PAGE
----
A threaded fastener such as nut 198 threadably engages the threaded first end 172 of tube 170, and fastens the shield 190 between the nut 198 and the flanged tube 176. The nut 198 has a hole through which one end of the mixing member 136 extends, with the nut containing an O-ring seal to provide friction with the knob 138.
The knob 138 is fastened to the end of the mixing member 136. The knob 138 has an axial portion 199, and a radial flange 200 on which visible indicia, such as numbers, are placed. The numbers are advantageously calibrated relative to the device of this invention to reflect the percentage concentration of a selected gas being mixed.
In the illustrated embodiment, the numbers are calibrated relative to the third gas, oxygen, and thus visually display the percentage of oxygen. Advantageously, there are two sets 202, 204, of such calibrated numbers on the flange 200. The first set of numbers 202 is located radially inward on the flange 200, and reflects the percentage of the third gas (oxygen) when mixed with the second gas (nitrous oxide in the illustrated embodiment). The second set of numbers 204 reflects the percentage of the third gas (oxygen) when mixed with the first gas (air in the illustrated embodiment).
Depending from the flange 200 is a projection 207. The projection is illustrated as a screw, although it may be more economical to mold a ridge-like projection 207 integrally with the flange 200. The projection 207 is dimensioned and radially positioned on the flange 200, so that projection 207 can contact the ends of pins 168, 186, and 188 (FIG. 3).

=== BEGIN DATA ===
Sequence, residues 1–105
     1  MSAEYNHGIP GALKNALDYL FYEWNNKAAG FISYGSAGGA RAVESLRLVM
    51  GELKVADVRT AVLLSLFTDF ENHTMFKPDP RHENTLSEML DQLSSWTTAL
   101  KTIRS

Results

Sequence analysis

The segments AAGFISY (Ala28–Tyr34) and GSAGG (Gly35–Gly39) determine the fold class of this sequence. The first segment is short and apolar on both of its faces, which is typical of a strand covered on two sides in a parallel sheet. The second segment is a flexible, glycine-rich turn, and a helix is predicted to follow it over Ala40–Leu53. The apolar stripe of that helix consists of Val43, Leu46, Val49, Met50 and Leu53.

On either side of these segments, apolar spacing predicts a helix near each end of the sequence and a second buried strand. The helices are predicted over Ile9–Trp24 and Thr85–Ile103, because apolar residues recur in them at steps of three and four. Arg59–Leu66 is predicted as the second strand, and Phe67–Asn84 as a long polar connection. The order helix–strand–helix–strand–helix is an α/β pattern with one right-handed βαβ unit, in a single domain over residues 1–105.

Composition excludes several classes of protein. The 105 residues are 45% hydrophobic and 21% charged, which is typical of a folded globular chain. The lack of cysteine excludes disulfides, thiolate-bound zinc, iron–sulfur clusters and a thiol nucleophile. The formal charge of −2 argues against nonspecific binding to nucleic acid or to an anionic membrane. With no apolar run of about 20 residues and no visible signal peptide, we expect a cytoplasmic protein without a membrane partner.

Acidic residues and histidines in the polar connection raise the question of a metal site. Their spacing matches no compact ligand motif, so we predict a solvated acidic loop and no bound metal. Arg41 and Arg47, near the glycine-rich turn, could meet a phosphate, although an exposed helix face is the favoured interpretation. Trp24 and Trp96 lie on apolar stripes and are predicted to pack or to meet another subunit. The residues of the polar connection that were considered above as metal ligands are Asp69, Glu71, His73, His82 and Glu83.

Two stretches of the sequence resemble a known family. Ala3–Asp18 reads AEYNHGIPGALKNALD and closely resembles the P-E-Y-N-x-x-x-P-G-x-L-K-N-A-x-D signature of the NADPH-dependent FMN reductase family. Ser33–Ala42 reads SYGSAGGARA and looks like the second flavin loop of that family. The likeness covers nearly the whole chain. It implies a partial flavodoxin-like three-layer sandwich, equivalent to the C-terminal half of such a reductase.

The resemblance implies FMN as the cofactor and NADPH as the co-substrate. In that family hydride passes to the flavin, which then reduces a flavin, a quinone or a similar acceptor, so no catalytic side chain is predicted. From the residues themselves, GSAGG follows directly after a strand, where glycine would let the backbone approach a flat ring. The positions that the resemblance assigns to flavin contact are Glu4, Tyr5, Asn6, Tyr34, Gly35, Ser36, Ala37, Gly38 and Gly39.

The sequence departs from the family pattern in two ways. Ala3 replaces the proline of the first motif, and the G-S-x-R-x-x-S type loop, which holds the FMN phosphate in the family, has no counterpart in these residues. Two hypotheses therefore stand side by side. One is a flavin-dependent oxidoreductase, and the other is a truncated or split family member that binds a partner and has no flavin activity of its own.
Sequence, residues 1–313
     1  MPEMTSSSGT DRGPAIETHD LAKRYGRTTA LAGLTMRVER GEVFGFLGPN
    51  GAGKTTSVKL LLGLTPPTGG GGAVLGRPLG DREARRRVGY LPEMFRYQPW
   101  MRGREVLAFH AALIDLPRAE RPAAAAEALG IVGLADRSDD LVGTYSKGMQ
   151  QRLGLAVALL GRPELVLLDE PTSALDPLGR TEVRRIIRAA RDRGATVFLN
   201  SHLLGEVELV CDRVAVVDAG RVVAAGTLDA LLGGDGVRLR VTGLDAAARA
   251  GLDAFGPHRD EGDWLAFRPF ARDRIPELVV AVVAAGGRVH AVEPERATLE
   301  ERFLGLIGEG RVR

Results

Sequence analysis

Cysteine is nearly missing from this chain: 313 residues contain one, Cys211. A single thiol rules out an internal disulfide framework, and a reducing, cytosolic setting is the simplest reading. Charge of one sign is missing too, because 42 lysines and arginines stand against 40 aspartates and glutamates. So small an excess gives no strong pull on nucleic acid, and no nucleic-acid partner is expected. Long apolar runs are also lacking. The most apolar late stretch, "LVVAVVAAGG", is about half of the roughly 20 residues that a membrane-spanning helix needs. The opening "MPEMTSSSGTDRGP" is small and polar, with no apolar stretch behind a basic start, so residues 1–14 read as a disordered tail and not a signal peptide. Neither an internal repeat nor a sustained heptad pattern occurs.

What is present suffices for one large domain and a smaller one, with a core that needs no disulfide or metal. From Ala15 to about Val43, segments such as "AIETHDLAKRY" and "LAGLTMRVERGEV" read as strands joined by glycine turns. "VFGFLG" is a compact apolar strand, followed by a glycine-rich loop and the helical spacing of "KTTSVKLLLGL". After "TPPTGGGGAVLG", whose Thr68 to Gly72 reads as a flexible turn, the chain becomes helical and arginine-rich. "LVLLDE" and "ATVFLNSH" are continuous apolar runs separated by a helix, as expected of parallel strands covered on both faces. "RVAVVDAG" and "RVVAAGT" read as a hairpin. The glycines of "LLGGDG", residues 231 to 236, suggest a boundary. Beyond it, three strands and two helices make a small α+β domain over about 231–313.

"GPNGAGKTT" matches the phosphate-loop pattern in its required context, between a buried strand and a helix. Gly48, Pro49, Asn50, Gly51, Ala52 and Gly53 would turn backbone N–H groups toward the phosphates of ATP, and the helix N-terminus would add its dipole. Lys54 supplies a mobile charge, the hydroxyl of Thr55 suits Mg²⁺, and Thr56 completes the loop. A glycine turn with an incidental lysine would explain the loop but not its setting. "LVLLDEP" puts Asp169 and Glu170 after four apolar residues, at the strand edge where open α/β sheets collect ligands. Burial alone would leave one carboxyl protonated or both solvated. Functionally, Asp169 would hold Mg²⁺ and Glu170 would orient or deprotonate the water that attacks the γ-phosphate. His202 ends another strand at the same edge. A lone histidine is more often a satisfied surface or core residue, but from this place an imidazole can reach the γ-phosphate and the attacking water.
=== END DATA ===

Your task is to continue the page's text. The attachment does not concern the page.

A cap or cover 206 fits over the knob 138, and is connected by diverse means, such as set screw 208 (FIG. 5), so as to move with the knob 24. The cover 206 has a radially extending portion 209 containing a central aperture through which the axial portion of knob 138 extends. A first window 210 is formed in the radial portion 209 of cover 206 at a first radial distance. A second window 212 is also formed at a second radial distance in the radial portion 209. The first set of numbers 202 may be viewed through the first window 210. The second set of numbers 204 may be viewed through the second window 212.
When assembled, the shield portion 196 is located between the radial portion 209 of cover 206 and the radial flange 200 of the knob 138. The shield 190 is preferably made out of flexible plastic, which facilitates the assembly.